The man on the other side of the phone told me no and explained that Red Cross responses start with the local, trained Red Cross workers in their home country, and that there are hundreds of thousands of Red Cross volunteers all over the world; during an international response, the Red Cross sends its most highly trained specialists from among the thousands of ready and willing volunteers around the world. He explained that sending just anyone would result in chaos that would take time away from the people who needed help and from what needed to be done.

Seven years later I was living in Japan when the Tohoku earthquake and tsunami occurred causing over 16,000 deaths and nuclear contamination that is impossible to estimate. I had friends who scarcely got out alive and others whose lives were changed forever. I was living in a small farming town north of where the destruction occurred but all of Japan experienced a startling rise in radiation levels. The 1000 people in my town came together trying to decide what to do and resolved to plaster every building with heavy duty plastics. Two days later work and school were called off and the entire town went to work on this project. It was an exhilarating feeling seeing how people come together in times of need.

Once again I felt that call to action and watched as the Red Cross entered Japan and did what they do best. I resolved that as soon as I returned to the United States that I would start to volunteer for the Red Cross. I became a volunteer in 2012 and began the training that I had been told about 8 years earlier. Now I understand that it is all the work and training done ahead of time that makes the Red Cross successful when volunteers do need to be mobilized.

What I’ve learned since joining the Red Cross is that Red Cross is hard at work every day, not just during massive natural disasters. They are helping people in need right in your back yard to make it to doctor’s appointments, to inspire young people to get involved, to be prepared for house fires and many other things all of which are done by volunteers. If you are the type of person who feels that call to help when you see people in need start volunteering for the Red Cross now. They will help get you the training you need so that when disaster strikes you are ready to be a part of this wonderful thing called volunteerism.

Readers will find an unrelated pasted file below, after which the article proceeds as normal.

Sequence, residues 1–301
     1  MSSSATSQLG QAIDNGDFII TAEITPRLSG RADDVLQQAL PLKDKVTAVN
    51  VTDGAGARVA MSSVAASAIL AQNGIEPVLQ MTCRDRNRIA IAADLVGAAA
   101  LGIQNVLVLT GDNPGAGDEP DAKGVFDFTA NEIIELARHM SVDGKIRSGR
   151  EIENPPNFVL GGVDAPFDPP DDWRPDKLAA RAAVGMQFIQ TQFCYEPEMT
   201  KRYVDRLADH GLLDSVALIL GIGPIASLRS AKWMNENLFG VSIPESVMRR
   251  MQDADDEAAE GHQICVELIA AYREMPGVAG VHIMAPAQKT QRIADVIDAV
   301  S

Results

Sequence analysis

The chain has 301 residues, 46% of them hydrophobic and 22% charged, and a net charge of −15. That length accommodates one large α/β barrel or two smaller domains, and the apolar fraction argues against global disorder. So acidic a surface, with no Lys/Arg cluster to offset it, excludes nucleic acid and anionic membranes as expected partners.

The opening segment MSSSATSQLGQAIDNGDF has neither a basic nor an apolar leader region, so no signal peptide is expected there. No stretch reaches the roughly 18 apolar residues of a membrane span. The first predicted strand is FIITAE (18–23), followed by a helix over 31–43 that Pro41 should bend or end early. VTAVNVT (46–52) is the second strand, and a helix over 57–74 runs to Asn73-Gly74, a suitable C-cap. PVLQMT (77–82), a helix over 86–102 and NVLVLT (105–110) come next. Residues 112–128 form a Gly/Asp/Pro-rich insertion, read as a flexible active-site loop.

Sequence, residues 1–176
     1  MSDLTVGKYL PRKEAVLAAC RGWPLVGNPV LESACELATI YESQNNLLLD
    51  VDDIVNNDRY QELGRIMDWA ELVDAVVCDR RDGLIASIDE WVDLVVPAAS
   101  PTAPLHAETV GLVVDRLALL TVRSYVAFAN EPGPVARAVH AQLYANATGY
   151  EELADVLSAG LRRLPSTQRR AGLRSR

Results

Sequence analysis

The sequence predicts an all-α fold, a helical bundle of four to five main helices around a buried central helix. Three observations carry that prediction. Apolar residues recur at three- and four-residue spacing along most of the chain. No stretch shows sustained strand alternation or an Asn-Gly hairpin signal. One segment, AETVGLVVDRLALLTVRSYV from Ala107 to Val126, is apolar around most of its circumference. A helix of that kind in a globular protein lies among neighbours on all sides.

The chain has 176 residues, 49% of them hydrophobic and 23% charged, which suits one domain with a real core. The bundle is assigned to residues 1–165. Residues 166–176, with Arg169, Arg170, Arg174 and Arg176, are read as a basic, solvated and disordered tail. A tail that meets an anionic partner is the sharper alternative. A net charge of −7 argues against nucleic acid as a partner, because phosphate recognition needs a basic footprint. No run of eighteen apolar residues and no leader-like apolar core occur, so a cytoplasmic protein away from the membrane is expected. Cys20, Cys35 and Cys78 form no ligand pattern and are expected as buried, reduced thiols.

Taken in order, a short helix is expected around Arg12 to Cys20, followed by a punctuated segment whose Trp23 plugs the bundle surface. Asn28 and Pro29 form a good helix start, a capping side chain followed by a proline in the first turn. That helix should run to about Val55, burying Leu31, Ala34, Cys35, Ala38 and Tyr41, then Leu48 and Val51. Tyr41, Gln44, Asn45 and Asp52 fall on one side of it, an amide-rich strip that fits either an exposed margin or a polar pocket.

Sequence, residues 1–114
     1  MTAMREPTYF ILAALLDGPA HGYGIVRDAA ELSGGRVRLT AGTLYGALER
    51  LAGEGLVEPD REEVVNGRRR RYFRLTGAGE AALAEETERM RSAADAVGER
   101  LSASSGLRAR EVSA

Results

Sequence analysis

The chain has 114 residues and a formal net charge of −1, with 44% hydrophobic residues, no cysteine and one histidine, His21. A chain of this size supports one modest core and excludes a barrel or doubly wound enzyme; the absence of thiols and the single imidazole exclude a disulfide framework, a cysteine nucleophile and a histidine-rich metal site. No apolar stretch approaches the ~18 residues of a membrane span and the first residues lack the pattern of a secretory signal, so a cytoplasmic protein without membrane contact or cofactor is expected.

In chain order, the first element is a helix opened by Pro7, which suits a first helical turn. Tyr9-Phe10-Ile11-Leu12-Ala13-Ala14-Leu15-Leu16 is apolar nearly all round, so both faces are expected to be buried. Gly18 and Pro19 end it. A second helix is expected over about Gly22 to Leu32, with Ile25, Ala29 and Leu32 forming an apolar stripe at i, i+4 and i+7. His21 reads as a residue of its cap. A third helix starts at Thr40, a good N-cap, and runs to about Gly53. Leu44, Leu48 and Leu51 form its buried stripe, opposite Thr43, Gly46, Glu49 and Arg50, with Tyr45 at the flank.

This is me in Japan hiking Mt. Fuji

Monday, April 21, 2014

Caring for your whole family: Pet First Aid Awareness Month

April is Pet First Aid Awareness month—time to brush up on how to keep your pet safe and healthy and learn what to do when things aren't so.

Matt Reeves has been teaching Cat and Dog First Aid classes for ten years. With the student materials coming before the classes themselves, the creation of these special courses happened in reverse-order, with courses typically manifesting before the student materials.

“It’s different than our other courses in how consumer-driven it is,” says Reeves. He remembers the Red Cross receiving a noticeable number of questions on the topic of pet first aid before the courses were created.

“It’s a special class,” says Reeves, “People don’t need the course for work or to be a volunteer—they take it because they genuinely want to learn pet first aid.” Reeves says he likes that people come with a clean slate because the courses are not taught anywhere else. “It’s fun,” he says, “the questions are more immersive than I've experienced with other classes.”

With 8-10 classes each year, the Mile High Chapter of the American Red Cross will host its next Cat and Dog First Aid classes on April 17th and again on June 19th. The classes teach pet owners how to administer CPR, how to help a choking pet, how to check vital signs, and how to recognize what is normal pet behavior and what is not; how to transport an injured pet and poison control are also on the agenda.